Shi Zhengli

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Shi Zhengli
Born (1964-05-26) 26 May 1964 (age 57)
Xixia County, Henan
Known forResearch into bat viruses
Scientific career
Fields Virology
Chinese name
Simplified Chinese 石正丽
Traditional Chinese 石正麗

Shi Zhengli (simplified Chinese :石正丽; traditional Chinese :石正麗; born 26 May 1964) is a Chinese virologist who researches SARS-like coronaviruses of bat origin. Shi directs the Center for Emerging Infectious Diseases at the Wuhan Institute of Virology (WIV). In 2017, Shi and her colleague Cui Jie discovered that the SARS coronavirus likely originated in a population of cave-dwelling horseshoe bats in Xiyang Yi Ethnic Township, Yunnan. [1] She came to prominence in the popular press as "Batwoman" during the COVID-19 pandemic for her work with bat coronaviruses. [2] Shi was included in Time magazine's 100 Most Influential People of 2020. [3]


Early life and education

Shi was born in May 1964 in Xixia County, Henan. [4] She graduated from Wuhan University in 1987 with a bachelor's degree in genetics. [5] She received her master's degree from the Wuhan Institute of Virology of the Chinese Academy of Sciences (CAS) in 1990, and she received her PhD at the Montpellier 2 University in France in 2000, where she gained fluency in French. [6] [7]


In 2005, Shi Zhengli and colleagues found that bats are the natural reservoir of SARS-like coronaviruses. [8] [9] [10] In 2008 Shi led a research team which studied binding of spike proteins of both natural and chimaeric SARS-like coronaviruses to ACE2 receptors in human, civet and horseshoe bat cells, to determine the mechanism by which SARS may have spilled over into humans. [11] [12] In 2015, Shi Zhengli published a paper led by Ralph S Baric of the University of North Carolina, which showed that that SARS had the potential to re-emerge from coronaviruses circulating in bat populations in the wild. [13] Shi and her colleague Cui Jie led a team which sampled thousands of horseshoe bats throughout China. In 2017, they published their findings, indicating that all the genetic components of the SARS coronavirus existed in a bat population in Xiyang Yi Ethnic Township, Yunnan. [1] While no single bat harbored the exact strain of virus which caused the 2002-2004 SARS outbreak, genetic analysis showed that different strains often mix, suggesting that the human version likely emerged from a combination of the strains present in the bat population. [1] Zhengli's discoveries on the origin of SARS earned her international recognition. [14]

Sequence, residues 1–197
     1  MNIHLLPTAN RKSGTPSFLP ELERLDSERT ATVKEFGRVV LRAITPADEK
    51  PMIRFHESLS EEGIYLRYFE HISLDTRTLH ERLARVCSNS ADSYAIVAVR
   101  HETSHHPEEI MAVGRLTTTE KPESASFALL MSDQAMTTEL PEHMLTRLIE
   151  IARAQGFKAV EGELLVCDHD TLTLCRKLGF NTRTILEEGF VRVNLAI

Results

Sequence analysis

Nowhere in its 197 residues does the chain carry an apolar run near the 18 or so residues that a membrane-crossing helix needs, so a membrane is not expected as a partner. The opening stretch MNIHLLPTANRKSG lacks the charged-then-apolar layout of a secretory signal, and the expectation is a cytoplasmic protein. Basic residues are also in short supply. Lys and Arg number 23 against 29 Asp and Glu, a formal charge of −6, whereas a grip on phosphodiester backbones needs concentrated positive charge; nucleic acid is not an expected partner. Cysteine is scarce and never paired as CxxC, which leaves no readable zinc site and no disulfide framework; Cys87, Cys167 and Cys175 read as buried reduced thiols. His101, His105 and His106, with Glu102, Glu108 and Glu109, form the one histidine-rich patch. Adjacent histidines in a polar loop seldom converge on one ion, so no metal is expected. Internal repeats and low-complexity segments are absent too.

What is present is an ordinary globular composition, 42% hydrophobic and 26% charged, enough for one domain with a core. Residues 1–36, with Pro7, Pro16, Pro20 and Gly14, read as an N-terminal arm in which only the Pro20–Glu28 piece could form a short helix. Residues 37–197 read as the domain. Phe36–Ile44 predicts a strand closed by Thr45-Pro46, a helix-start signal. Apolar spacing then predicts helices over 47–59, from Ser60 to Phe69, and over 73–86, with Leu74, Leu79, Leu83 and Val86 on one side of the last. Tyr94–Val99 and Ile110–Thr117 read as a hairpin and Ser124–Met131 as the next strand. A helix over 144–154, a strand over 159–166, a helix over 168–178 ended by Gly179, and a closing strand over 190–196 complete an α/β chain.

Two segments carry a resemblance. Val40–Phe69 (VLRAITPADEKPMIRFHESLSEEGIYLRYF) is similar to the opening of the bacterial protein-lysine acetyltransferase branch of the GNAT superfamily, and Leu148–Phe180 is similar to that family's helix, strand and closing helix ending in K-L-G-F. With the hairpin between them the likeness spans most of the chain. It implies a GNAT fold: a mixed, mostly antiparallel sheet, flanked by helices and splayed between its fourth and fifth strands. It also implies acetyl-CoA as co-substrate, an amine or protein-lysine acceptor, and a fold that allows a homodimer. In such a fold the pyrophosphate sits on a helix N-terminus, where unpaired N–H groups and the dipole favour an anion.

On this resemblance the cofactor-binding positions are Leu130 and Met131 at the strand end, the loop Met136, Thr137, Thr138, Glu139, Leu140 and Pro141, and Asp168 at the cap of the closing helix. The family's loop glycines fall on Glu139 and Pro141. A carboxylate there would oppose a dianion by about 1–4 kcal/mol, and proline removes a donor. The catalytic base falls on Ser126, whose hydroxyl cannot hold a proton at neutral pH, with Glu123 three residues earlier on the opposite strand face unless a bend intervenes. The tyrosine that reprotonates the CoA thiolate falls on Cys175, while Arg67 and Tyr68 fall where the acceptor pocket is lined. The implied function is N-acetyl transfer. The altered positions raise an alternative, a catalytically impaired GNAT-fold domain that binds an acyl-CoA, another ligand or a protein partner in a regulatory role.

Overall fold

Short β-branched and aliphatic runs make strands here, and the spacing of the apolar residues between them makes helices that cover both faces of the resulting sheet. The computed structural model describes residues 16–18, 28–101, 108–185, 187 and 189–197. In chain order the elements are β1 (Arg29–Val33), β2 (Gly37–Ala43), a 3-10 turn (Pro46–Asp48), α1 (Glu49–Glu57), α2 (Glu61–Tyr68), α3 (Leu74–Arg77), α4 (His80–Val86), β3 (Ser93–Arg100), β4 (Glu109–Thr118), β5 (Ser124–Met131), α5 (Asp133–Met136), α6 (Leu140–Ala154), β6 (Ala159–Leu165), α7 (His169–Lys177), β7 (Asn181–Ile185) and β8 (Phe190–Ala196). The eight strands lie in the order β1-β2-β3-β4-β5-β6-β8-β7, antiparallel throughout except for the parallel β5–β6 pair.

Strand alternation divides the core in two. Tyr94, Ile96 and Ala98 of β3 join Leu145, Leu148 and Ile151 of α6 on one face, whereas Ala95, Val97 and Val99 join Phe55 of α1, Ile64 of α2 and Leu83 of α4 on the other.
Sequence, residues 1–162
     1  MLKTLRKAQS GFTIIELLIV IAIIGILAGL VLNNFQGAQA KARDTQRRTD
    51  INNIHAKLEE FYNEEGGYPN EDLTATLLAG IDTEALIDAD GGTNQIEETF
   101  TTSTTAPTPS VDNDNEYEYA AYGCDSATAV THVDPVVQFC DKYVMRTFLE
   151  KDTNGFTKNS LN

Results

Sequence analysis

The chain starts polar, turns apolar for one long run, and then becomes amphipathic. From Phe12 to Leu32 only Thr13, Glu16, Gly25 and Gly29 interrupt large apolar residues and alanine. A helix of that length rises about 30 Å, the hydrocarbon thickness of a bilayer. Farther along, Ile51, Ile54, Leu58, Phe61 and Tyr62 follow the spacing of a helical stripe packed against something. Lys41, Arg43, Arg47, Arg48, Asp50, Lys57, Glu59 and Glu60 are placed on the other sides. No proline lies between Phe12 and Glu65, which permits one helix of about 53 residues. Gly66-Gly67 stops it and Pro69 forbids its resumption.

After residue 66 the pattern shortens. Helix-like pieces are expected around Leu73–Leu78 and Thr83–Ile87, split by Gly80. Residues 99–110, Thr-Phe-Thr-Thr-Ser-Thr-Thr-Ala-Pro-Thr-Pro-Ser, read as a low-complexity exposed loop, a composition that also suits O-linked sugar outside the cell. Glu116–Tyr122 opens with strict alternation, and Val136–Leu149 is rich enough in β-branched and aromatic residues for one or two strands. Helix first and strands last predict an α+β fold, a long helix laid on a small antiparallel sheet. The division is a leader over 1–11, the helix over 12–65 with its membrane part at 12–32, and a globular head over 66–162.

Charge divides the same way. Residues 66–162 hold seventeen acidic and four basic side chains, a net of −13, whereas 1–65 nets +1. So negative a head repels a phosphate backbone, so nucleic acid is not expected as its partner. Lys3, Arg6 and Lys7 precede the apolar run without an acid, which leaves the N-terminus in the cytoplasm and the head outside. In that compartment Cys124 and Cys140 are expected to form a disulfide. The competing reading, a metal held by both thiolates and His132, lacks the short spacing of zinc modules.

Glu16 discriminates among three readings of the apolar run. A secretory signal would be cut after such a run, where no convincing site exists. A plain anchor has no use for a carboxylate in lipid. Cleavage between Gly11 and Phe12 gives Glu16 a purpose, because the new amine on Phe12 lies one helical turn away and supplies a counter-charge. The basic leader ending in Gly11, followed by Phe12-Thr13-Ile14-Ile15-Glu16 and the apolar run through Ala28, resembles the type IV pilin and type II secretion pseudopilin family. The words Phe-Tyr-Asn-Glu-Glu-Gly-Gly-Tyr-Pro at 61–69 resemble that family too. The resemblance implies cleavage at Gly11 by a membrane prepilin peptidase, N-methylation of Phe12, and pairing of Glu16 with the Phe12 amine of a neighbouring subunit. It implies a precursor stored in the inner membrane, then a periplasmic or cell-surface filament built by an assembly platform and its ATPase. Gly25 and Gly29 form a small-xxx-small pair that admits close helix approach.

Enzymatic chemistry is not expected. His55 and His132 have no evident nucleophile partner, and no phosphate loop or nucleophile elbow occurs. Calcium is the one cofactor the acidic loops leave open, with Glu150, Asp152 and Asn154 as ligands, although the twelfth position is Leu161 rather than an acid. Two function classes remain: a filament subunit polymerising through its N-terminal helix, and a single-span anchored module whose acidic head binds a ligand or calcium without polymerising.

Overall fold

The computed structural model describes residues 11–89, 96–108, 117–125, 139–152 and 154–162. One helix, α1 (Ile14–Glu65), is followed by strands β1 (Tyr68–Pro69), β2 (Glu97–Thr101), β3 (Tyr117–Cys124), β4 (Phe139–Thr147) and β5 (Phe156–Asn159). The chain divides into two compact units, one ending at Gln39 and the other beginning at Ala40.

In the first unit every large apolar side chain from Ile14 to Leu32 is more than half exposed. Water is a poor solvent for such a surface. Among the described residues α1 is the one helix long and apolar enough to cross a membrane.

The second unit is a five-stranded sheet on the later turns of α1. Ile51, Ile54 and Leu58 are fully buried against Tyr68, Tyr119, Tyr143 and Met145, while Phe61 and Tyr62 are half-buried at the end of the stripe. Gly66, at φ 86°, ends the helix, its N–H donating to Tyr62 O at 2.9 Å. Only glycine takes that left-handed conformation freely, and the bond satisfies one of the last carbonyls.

Shi is the director of the Center for Emerging Infectious Diseases at the Wuhan Institute of Virology (WIV), located in Jiangxia District, Wuhan. [15] On her resume, Shi mentioned receiving grant funding from U.S. government sources totaling more than US$1.2 million, including $665,000 from the National Institutes of Health from 2014 to 2019, as well as US$559,500 over the same period from USAID. [16]


During the COVID-19 pandemic, Shi and other institute scientists formed an expert group to research Severe acute respiratory syndrome coronavirus 2 (SARS-CoV-2). [17] [18] In February 2020, researchers led by Shi Zhengli published an article in Nature titled, "A pneumonia outbreak associated with a new coronavirus of probable bat origin", finding that SARS-CoV-2 is in the same family as SARS, and that it has 96.2% genome overlap with the most closely related known coronavirus, RaTG13. [19] In February 2020, her team published a paper in Cell Research showing that remdesivir and chloroquine inhibited the virus in vitro, and applied for a patent for the drug in China on behalf of the WIV. [20] [21] [22] This caused conflict with an American pharmaceutical firm that had also applied for a patent. [23] Shi co-authored a paper labelling the virus as the first Disease X. [24]

In February 2020, the South China Morning Post reported that Shi's decade-long work to build up one of the world's largest databases of bat-related viruses gave the scientific community a "head start" in understanding the virus. [25] The SCMP also reported that Shi was the focus of personal attacks in Chinese social media who claimed the WIV was the source of the virus, leading Shi to strongly affirm that the outbreak "has nothing to do with the lab." [25] In a March 2020 interview with Scientific American , where she was called China's "Bat Woman", [26] Shi said "Bat-borne coronaviruses will cause more outbreaks", and "We must find them before they find us." [2] In June 2021 the New York Times said that her research on coronaviruses at a state lab in Wuhan, had put her at the center of an outburst of feelings regarding the pandemic. [27] Leading virologists have explained that SARS-CoV-2 is most likely of natural origin, and that it is extremely unlikely that it leaked from a lab. [28] [29] Shi's colleague Peter Daszak of the EcoHealth Alliance, [30] which studies emerging infectious diseases, has noted estimates that 1–7 million people in Southeast Asia who live or work in proximity to bats are infected each year with bat coronaviruses. [28] [29] On July 31 Science Magazine published an interview with Shi in which she commented "to date, there is zero infection of all staff and students in our institute." [31] Asked by Science why the WIV conducts coronavirus experiments in BSL-4 labs when most other scientists work with coronaviruses BSL-2 or BSL-3 conditions, Shi explained that her group also used BSL-2 and BSL-3 laboratories for their coronavirus research, but that they had begun to use BSL-4 laboratories per government regulations after the pandemic. [32] [33] [31]

Service and honours

Shi is a member of the Virology Committee of the Chinese Society for Microbiology. She is editor-in-chief of Virologica Sinica, [34] the Chinese Journal of Virology, and the Journal of Fishery Sciences of China.

See also

Related Research Articles

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